This is a technique that you might already use in your drafts, but in case you haven’t started yet, we present it here for your consideration. Power stacking is the act of drafting a fantasy baseball team that has a few batters that are far better than others at hitting homeruns.
First, look to slugging average to guide you here. Slugging rewards power hitters far more than any other statistic. Numbers like batting average and OPS are good indicators of a player’s general ability, but if you want to know how likely an extra base hit is, slugging is where you should look. The number of homeruns are also helpful, as are doubles, but these are all summed up within the slugging stat itself.
Next, think of creative ways to get more power. For instance, if you draft Miguel Cabrera at third base, you now have first base open, a position that is rich with potential for power. You can draft a player like Joey Votto or Paul Goldschmidt now. Cabrera typically plays at first, but by taking advantage of the rules of your site, you can move players in your roster around even if they are somewhere else in reality.
Now, look to value. You will only be able to get two or three power hitters on your roster, depending upon how you set up your pitching. This is where you will win or lose your league. While focusing on power is a good way to get started, you can’t win on two or three homeruns. You need good pitching and you need cheap players that can provide you with numbers. Look to players with a high number of stolen bases, as well as people that draw walks and can hit singles. Also, find pitchers that can play deep into a game. Getting 7 or 8 innings out of a pitcher is worth a lot of points in some leagues. The problem is that you will not have a lot of money to spend on these positions once you put an emphasis on power. Having a firm grasp on how to evaluate value is a must if you are to be successful with this technique.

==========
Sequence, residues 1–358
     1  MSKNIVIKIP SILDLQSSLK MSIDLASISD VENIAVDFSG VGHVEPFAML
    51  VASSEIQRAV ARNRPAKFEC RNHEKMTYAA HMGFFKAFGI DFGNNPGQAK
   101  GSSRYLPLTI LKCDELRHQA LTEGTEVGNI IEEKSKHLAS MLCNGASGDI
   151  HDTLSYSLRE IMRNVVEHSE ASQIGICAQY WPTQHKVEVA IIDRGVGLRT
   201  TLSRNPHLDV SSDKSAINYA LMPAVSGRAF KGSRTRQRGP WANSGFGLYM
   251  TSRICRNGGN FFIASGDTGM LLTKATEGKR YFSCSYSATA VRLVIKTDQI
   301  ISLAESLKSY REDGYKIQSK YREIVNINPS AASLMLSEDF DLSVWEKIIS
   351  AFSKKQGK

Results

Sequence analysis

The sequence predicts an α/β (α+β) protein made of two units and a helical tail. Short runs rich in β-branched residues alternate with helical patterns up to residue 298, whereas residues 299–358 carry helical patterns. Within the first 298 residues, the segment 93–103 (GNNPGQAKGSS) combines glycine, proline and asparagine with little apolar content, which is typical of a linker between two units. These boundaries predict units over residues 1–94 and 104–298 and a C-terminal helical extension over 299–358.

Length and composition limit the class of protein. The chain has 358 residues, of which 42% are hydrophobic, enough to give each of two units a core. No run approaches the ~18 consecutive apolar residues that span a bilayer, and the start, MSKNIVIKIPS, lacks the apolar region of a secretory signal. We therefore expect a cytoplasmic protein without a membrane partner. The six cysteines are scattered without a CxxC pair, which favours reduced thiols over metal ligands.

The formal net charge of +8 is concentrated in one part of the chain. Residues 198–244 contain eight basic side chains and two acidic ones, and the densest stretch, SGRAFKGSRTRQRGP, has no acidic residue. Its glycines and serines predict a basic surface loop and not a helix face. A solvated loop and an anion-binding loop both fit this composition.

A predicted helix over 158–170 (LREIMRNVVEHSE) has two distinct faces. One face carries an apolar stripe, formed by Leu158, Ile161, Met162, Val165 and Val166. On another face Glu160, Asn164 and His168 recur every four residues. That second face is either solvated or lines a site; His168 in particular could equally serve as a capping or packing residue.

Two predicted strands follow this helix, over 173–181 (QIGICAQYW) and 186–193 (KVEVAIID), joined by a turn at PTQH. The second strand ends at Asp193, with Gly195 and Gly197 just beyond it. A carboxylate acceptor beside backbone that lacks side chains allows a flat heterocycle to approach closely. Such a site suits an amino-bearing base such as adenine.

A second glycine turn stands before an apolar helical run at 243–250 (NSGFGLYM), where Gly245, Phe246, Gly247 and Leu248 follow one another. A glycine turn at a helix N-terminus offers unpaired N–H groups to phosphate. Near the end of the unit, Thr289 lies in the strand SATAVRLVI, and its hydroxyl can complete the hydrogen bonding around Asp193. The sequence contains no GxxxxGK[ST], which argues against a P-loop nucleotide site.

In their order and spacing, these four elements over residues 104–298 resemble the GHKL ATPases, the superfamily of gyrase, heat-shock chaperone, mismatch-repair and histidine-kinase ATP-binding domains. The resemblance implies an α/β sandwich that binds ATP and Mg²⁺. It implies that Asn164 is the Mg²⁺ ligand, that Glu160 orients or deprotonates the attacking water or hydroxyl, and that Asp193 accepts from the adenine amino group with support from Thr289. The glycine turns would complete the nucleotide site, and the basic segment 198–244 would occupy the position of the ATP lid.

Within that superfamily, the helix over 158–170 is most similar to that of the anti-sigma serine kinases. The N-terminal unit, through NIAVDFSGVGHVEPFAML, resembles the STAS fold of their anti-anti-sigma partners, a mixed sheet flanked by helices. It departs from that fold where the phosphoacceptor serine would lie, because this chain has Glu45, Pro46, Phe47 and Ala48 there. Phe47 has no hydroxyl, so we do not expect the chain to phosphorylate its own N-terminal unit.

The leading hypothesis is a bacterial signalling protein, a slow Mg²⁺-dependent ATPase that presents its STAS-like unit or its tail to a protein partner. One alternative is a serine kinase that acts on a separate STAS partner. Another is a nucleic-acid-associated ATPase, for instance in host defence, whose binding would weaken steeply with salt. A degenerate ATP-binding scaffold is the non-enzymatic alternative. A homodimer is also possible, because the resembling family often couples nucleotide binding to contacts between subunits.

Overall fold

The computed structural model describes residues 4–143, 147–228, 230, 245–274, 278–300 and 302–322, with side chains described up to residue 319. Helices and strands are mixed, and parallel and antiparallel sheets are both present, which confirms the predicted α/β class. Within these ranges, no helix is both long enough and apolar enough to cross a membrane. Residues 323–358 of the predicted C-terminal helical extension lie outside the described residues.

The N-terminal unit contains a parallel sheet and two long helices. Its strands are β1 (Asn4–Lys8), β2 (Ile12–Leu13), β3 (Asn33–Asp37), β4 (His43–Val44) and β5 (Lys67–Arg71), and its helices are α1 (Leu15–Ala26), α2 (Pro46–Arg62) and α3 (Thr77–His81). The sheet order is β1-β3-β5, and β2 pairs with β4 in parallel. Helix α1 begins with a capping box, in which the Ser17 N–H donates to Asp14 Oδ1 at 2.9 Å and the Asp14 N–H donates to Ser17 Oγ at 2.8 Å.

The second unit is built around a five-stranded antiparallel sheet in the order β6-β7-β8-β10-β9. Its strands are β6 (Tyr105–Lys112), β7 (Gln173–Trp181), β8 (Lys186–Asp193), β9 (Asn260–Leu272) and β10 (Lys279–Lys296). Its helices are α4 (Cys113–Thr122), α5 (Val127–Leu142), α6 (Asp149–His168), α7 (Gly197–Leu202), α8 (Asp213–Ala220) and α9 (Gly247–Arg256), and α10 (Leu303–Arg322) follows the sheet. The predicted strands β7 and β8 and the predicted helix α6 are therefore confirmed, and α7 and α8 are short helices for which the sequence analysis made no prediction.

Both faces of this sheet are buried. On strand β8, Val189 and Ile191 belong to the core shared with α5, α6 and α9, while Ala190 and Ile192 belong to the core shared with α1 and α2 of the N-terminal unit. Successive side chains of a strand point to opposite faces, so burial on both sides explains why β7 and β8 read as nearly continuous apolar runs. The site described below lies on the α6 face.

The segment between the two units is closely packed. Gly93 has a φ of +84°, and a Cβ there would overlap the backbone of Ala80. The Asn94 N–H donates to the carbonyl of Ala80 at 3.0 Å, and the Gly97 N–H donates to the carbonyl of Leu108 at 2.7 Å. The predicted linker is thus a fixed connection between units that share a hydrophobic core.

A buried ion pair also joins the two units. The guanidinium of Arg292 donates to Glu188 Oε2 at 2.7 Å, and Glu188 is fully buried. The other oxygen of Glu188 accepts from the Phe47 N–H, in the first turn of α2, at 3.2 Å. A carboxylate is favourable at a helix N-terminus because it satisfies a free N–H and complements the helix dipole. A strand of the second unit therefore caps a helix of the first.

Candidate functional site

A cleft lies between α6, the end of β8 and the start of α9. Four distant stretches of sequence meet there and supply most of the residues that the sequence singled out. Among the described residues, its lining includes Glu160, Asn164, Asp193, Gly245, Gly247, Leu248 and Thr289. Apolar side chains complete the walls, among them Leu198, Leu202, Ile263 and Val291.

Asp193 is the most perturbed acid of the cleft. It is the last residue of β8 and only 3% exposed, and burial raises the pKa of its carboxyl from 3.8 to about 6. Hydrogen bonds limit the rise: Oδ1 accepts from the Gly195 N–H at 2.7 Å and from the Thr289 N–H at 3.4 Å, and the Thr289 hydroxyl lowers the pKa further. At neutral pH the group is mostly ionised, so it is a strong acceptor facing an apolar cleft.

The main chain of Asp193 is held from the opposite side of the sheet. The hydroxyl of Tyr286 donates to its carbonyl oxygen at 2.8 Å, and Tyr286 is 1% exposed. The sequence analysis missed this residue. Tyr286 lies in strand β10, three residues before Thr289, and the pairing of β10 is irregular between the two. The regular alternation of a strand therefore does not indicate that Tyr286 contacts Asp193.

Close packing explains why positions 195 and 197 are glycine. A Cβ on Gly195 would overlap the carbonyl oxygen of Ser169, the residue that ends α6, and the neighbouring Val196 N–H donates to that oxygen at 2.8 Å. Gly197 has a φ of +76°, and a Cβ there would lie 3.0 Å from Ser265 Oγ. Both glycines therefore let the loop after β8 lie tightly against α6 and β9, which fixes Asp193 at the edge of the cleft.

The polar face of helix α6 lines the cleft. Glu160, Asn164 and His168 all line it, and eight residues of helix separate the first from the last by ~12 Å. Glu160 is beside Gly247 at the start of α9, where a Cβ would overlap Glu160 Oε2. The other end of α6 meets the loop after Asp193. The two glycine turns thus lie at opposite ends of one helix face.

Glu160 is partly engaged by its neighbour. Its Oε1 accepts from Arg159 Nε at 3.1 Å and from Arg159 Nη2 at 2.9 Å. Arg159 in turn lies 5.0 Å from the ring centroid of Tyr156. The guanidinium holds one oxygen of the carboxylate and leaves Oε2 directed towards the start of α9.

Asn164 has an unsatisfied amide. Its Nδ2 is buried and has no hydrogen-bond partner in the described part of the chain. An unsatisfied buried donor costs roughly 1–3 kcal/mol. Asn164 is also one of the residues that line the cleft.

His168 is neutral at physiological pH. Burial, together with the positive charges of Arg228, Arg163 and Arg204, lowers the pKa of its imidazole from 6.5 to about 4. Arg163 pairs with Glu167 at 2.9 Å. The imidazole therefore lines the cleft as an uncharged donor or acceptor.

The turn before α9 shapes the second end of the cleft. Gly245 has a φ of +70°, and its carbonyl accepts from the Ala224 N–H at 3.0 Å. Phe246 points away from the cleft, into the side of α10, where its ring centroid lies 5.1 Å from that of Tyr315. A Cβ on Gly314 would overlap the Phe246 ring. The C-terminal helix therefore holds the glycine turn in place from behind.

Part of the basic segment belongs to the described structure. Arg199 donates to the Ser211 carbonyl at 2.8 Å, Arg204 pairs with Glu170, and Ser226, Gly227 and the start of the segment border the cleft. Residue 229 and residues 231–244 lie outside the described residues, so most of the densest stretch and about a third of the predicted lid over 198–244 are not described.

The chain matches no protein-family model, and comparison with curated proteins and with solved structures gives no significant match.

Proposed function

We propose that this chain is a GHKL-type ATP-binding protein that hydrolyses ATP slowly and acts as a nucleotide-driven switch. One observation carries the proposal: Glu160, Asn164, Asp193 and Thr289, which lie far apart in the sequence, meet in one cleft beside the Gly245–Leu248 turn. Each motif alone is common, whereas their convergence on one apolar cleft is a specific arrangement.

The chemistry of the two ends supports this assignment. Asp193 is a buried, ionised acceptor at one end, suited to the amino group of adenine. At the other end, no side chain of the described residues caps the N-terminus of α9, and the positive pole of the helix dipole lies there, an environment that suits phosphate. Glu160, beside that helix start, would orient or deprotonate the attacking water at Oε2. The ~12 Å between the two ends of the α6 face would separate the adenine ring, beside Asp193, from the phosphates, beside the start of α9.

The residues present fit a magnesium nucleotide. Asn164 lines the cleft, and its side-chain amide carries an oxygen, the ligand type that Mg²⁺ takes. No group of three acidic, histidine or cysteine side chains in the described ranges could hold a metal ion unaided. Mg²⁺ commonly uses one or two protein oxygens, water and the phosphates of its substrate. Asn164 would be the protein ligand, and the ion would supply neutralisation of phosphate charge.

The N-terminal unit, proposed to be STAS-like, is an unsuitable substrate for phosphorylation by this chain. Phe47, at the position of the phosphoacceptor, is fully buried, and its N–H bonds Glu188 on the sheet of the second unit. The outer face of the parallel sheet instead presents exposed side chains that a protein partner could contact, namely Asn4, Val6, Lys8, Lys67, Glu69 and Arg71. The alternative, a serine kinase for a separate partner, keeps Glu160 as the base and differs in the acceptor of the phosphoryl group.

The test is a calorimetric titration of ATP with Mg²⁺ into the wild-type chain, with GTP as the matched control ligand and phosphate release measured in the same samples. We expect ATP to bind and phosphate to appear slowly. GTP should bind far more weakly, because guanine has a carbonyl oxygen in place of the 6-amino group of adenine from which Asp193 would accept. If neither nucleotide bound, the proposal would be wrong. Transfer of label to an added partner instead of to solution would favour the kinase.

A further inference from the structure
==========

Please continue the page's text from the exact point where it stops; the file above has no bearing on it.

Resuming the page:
Things become further complicated by the fact that power hitters tend to not be as consistent as average hitters. Having 35 to 40 HRs in a season is great, but if that batter is only hitting .240, then you are gambling. No longer are you using power stacking to your advantage, but gambling on a small probability. It would be like walking into a casino and putting your money on black at the roulette wheel. You might win once in a while, but the odds are against you over the long run. It’s not something that you can do and keep the wins coming long term.
To overcome this, look to slugging, but also look for players that are performing exceptionally well. Maybe they are hitting .260 for the season, but over the last month have been hitting .285. This kind of timeframe indicates that the player has improved. A week of improved hitting doesn’t mean much, but when consistency lasts at least a month, then you can be assured that something fundamental about that player has changed. The estimated fantasy points that sites like FanDuel and DraftKings supply you with are helpful, but they will not show you things like this. For this kind of in depth info, you will need to do your own research. This is a necessary part of being successful at power stacking. And when it starts paying off with more in the money finishes, you will be thankful.